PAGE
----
The Atlantic (Newspaper) Jon Henke “Red Light Cameras, Yellow Light Times” April 2008 http://www.theatlantic.com/business/archive/2008/04/red-light-cameras-yellow-light-times/3165/

“Six U.S. cities have been found guilty of shortening the amber cycles below what is allowed by law on intersections equipped with cameras meant to catch red-light runners. The local governments in question have ignored the safety benefit of increasing the yellow light time and decided to install red-light cameras, shorten the yellow light duration, and collect the profits instead. Indeed, the incentives involved for the government are very perverse. If you reduce the yellow light duration, you’ll get a bit more revenue. If you lengthen the yellow light duration, you’ll reduce accidents and save lives. So public officials choose to….reduce yellow light duration[insert comment here about the monopoly power of government] Shortening the yellow light below the minimum time is clearly wrong – i.e., illegal and unethical.”

As we have seen, the United States Federal Government currently stands in acceptance of citizen robbery and ineffective practices which endanger the lives of civilians.  For this reason we present our:

Plan: Reform Red Light Camera Program

As per the recommendations of Representative DeFazio, chairman of the house transportation committee and the Federal Highway Administration, the following mandates will be enacted:

Mandate 1: Condition Federal Funding (any state or local government receiving federal funding for red light cameras will be required to first examine possible engineering solutions such as longer yellow light times, and must follow the guidelines mentioned in section 8 of the Federal Highway Administration’s “National Agenda For Intersection Safety”)

Mandate 2: Promote Effective Camera Usage (as per the recommendations of the Federal Highway Administration in section 8 of the “National Agenda For Intersection Safety”.  These recommendations include the promotion of proper placement of red light cameras, funding for red light camera programs, promotion of engineering solutions such as longer yellow light times, and effective guidance to the future of red light cameras by focusing on Safety rather than revenue generation.)

Agency and Enforcement are provided by Congress and the President.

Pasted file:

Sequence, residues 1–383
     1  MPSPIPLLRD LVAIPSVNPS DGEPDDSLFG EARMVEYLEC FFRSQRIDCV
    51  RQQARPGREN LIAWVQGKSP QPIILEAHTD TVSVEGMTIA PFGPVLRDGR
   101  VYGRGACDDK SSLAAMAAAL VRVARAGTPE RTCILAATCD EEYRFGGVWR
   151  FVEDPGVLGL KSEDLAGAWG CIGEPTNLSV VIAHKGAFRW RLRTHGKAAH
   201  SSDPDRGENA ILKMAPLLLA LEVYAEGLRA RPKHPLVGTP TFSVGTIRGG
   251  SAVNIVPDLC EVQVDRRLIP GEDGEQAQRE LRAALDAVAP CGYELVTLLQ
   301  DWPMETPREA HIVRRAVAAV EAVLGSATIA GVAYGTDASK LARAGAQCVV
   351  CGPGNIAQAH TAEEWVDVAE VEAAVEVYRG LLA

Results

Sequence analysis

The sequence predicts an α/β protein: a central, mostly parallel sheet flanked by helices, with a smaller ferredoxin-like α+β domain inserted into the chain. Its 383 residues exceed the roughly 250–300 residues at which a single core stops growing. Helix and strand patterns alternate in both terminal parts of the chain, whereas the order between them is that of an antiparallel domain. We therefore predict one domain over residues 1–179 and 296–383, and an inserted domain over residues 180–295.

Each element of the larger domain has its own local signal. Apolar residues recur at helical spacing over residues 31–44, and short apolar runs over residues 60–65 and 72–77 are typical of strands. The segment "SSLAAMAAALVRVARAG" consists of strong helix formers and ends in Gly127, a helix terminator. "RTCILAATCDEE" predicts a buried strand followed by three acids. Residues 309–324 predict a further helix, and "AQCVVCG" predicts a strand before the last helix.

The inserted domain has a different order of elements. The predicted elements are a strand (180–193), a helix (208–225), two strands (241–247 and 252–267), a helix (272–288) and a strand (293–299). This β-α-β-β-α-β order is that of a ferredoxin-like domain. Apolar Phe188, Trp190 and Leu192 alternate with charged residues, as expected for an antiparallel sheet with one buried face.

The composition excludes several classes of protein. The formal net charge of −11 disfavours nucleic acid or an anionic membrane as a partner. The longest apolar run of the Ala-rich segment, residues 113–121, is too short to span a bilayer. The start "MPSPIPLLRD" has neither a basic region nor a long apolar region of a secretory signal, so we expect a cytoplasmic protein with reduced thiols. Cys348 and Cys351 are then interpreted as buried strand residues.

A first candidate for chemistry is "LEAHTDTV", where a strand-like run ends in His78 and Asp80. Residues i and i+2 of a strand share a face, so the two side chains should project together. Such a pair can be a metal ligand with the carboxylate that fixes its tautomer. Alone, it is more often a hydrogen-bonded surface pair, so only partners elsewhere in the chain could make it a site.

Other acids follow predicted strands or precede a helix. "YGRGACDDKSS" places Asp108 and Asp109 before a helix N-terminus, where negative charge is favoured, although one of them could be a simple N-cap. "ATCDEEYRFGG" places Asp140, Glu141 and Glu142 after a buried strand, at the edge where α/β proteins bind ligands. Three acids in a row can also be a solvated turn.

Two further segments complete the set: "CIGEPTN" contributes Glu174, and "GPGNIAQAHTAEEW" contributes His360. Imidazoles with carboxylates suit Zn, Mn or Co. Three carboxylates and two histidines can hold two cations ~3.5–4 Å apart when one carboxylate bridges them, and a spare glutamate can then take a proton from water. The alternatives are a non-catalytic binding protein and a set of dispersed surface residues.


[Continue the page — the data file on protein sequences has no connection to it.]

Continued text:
Funding: 3 Million dollars will be set aside from General Federal Revenues to enable the carrying out of this plan.

Advantage 1. Justice

a. Government Stealing Lowered

At this moment we are promoting and even funding local governments who are trying to generate revenue at the cost of their citizens safety.  It’s time to take a stand against federal involvement in this practice by creating standards against abuses.

b. Traffic Violations Reduced

When we are able to combine the red light camera program with engineering solutions such as increased yellow light times, we are able to drastically reduce red light violations, and catch the actual criminals who intentionally violate our laws.

Insurance Institute For Highway Safety, an Independent Non-Profit Research Organization Dedicated To Vehicle and Highway Safety “Q&A Red Light Cameras” June, 2011 http://www.iihs.org/research/qanda/rlr.html

“Studies have shown that increasing yellow timing to values associated with guidelines published by the Institute of Transportation Engineers can significantly decrease the frequency of red light violations. In addition, a 2002 Institute study found that injury crashes at urban intersections fell 12 percent after the yellow and all-red traffic signal timing was modified according to ITE guidelines. An Institute study conducted in Philadelphia, Pennsylvania, evaluated effects on red light running of first lengthening yellow signal timing by about a second and then introducing red light cameras.While the longer yellow reduced red light violations by 36 percent, adding camera enforcement further cut red light running by another 96 percent.”